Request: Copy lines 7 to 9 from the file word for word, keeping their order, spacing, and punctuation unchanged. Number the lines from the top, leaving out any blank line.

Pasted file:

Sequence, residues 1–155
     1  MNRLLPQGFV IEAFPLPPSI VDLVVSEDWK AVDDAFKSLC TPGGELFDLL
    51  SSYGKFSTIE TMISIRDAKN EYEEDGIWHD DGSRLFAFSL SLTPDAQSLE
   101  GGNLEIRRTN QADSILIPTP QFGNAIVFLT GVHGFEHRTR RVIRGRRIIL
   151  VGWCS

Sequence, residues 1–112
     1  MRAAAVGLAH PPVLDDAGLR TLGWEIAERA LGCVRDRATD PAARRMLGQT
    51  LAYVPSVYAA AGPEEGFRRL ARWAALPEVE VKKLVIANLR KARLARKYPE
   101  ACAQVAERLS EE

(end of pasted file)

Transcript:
     1  MRAAAVGLAH PPVLDDAGLR TLGWEIAERA LGCVRDRATD PAARRMLGQT
    51  LAYVPSVYAA AGPEEGFRRL ARWAALPEVE VKKLVIANLR KARLARKYPE
   101  ACAQVAERLS EE